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  #1 (permalink)  
Old 12-04-2009, 10:33 AM
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Windows vs Linux

The fight between Windows and Linux has been nearly as overhyped as a Don King venture in a monster Vegas arena, screaming fans included. In one corner, hard-core Microsoft fans avow Windows Seven as the comeback kid of the new century, rising above all previous problems with Windows Vista. In the other, Linux boosters claim the open-source operating system is poised to power the enterprise from stem to stern, trash-talking Microsoft's bloated code and licensing gotchas along the way.

The truth, unfortunately, is far less dramatic. The real battles take place in smaller venues, where Windows wins sometimes and Linux pulls off its share of victories with little fanfare.

Those looking for blood are bound to be disappointed, as the two would-be combatants increasingly make an effort to play nice. For instance, although it has been possible to share files to Windows clients from Linux servers via Samba for years, only recently has integration with Active Directory been solid. Domain integration has always worked, but it was occasionally tenuous and difficult to administer. No more.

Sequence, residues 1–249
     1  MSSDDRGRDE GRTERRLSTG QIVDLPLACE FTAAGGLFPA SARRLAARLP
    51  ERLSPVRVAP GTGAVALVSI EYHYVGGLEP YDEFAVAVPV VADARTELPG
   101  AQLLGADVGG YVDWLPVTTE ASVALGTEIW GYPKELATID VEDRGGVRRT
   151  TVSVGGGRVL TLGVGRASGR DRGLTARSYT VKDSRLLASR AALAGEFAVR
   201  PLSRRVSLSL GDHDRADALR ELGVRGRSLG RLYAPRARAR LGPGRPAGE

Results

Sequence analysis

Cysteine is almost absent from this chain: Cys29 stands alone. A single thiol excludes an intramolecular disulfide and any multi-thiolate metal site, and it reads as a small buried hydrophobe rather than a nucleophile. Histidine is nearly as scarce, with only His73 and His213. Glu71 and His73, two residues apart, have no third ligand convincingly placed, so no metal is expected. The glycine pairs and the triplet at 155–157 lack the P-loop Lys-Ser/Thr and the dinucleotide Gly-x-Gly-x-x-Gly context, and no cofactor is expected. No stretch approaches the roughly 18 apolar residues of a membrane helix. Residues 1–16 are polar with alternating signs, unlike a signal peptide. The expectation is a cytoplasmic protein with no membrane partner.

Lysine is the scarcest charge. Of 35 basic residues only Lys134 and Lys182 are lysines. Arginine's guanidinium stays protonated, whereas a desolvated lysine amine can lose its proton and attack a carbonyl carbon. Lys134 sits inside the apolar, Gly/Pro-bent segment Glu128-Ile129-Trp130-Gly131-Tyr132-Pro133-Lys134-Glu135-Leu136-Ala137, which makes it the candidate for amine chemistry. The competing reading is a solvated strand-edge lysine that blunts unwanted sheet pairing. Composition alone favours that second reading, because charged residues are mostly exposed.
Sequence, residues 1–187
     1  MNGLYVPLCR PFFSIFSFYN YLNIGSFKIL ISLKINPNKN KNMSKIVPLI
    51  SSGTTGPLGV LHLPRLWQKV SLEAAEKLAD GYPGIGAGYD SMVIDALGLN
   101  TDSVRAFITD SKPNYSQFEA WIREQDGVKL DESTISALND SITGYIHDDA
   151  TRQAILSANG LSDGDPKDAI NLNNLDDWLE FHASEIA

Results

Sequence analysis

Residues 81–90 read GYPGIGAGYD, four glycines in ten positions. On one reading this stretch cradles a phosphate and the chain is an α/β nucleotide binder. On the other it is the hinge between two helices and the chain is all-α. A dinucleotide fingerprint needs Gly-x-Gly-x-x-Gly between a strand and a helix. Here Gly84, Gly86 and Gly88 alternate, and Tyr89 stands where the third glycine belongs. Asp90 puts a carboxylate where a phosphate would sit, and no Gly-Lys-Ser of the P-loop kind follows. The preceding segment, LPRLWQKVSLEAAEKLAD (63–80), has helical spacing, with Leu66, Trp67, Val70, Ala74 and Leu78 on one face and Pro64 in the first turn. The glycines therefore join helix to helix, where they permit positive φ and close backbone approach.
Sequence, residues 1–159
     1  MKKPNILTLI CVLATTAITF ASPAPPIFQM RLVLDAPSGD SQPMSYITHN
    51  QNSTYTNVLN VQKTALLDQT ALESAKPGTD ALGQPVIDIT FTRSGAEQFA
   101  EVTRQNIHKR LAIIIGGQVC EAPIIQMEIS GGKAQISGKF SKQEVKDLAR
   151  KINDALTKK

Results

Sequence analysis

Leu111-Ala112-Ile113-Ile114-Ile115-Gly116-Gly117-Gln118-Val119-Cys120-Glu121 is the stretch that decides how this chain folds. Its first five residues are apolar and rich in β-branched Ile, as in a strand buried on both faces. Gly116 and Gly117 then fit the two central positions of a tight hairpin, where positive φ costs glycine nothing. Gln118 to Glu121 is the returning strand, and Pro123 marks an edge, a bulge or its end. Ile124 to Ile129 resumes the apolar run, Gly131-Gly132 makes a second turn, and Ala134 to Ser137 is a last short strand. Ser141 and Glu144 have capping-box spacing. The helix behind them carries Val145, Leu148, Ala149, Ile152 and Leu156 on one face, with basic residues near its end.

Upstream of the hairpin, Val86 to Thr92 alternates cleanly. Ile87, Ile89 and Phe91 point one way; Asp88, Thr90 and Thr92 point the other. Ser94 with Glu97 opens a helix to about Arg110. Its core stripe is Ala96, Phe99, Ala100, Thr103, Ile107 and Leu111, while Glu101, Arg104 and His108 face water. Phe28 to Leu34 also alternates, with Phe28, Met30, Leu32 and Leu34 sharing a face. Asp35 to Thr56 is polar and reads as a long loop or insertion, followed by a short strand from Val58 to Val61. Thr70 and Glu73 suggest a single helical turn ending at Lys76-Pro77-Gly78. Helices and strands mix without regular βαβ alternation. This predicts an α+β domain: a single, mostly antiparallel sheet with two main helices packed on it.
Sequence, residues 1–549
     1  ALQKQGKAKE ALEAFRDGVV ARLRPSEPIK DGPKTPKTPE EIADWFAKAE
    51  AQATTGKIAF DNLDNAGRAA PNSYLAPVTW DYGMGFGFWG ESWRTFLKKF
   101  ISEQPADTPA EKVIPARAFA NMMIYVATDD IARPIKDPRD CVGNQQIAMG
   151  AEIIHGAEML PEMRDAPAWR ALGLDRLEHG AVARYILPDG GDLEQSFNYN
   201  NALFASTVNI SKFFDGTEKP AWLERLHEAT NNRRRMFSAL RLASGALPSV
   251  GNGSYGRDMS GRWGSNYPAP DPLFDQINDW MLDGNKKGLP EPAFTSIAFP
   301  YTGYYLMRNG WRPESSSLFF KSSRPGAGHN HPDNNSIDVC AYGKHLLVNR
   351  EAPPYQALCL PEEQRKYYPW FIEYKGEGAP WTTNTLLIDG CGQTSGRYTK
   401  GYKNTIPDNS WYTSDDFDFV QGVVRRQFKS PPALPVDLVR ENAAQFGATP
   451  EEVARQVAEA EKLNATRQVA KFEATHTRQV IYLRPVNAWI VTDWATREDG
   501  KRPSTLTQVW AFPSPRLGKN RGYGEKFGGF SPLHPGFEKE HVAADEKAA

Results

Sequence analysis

On the Windows side, the release of Microsoft Services for Unix 3.5 has shown that Redmond is providing some semblance of integration with modern Unix systems. SFU's network information service and network file system services are reasonably complete, and its Unix tool set even includes Perl and the Korn shell. In fact, these tools will be officially distributed with Windows Seven.

Rather than force all network services onto a single platform, most enterprises are implementing Linux servers in key areas. Although this trend is not exactly new, the areas served are changing. Any smart IT manager with carte blanche to design a new network should include both Windows and Linux as major players.

Historically, if a few Linux servers existed in a Windows network, they were orphans handling a single task that had little relation to the services provided by Windows. Today, Samba 3 provides true integration with Active Directory, making it easy to configure directory-authenticated Linux Web servers, FTP servers, file servers and especially database and network management services.